New Yorkers forced from their homes because of Superstorm Sandy will be able to vote by affidavit ballot at any polling site in the state, Gov. Andrew Cuomo said Monday.
He ordered the “extraordinary” measure as a way to preserve Sandy victims’ ability to vote, at least for president and U.S. Senate.
“We want everyone to vote. Just because people are displaced doesn’t mean they should be disenfranchised,” Cuomo said.
Voters living away from their homes will be able to vote for president and U.S. Senate from any polling place in New York state. Voters will be able to vote for candidates further down the ballot — candidates for Congress, state Senate and Assembly — only if they are voting in the same district where they live, Cuomo said.
“You can’t vote for what we call down-ballot individuals,” Cuomo said “Your vote will not be eligible.”
The executive order permits voters displaced by Sandy to sign a sworn statement that they’re legally registered to vote in the presidential and state races. They must first try to vote at their usual polling site.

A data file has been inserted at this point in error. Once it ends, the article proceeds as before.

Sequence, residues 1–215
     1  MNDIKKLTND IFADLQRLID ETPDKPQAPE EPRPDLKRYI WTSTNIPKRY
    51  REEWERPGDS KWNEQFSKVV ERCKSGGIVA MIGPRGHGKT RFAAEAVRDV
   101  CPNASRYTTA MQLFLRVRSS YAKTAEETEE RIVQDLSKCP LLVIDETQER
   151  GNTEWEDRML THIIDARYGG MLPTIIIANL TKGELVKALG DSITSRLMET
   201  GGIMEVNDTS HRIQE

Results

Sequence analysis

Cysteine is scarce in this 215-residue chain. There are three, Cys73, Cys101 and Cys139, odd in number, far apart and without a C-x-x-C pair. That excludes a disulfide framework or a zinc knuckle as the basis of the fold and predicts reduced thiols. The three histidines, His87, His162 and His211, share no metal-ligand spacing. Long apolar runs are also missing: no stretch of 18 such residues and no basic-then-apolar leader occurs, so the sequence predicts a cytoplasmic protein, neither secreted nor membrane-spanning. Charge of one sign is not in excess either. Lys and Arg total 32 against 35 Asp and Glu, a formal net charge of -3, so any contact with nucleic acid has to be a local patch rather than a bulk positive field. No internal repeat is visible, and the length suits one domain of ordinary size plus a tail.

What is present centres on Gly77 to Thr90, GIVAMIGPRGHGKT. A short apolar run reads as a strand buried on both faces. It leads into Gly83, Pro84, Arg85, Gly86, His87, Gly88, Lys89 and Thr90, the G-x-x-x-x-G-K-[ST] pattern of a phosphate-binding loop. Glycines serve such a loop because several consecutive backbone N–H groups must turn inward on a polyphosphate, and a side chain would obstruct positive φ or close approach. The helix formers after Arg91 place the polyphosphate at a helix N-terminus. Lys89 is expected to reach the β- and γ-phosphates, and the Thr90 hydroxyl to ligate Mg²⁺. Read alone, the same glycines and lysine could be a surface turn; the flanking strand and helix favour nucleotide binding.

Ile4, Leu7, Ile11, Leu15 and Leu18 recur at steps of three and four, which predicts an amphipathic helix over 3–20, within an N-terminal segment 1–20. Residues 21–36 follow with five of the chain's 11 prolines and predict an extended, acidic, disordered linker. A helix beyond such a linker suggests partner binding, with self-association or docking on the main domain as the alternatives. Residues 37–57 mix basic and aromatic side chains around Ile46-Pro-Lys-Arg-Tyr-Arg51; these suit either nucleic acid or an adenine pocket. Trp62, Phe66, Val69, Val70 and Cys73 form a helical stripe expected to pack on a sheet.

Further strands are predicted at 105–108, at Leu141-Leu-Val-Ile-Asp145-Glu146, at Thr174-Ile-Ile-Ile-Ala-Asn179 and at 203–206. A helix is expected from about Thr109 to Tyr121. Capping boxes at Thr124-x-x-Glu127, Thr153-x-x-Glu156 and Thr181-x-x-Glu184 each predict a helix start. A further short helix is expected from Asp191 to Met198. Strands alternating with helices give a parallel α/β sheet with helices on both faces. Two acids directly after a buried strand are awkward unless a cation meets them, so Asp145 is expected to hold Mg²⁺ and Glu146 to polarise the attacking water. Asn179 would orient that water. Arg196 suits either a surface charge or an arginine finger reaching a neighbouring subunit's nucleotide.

Few details were released Monday. But a Cuomo spokesman said people using affidavit ballots won’t be required to show any more identification than other voters, who don’t normally have to prove their identity. The affidavit voters would have to be from areas declared a disaster because of Sandy: Bronx, Kings, Nassau, New York, Queens, Richmond, Rockland, Suffolk and Westchester counties. There was no estimate as to how many people might be able to vote by affidavit ballot.
That could play a role in several tight state Senate races in Queens, on Long Island and in the Hudson Valley. The races that are close, according to recent polls and to the campaigns, could result in deciding majority control of the Senate. Republicans currently have a 33-29 majority, having wrested control from Democrats two years ago.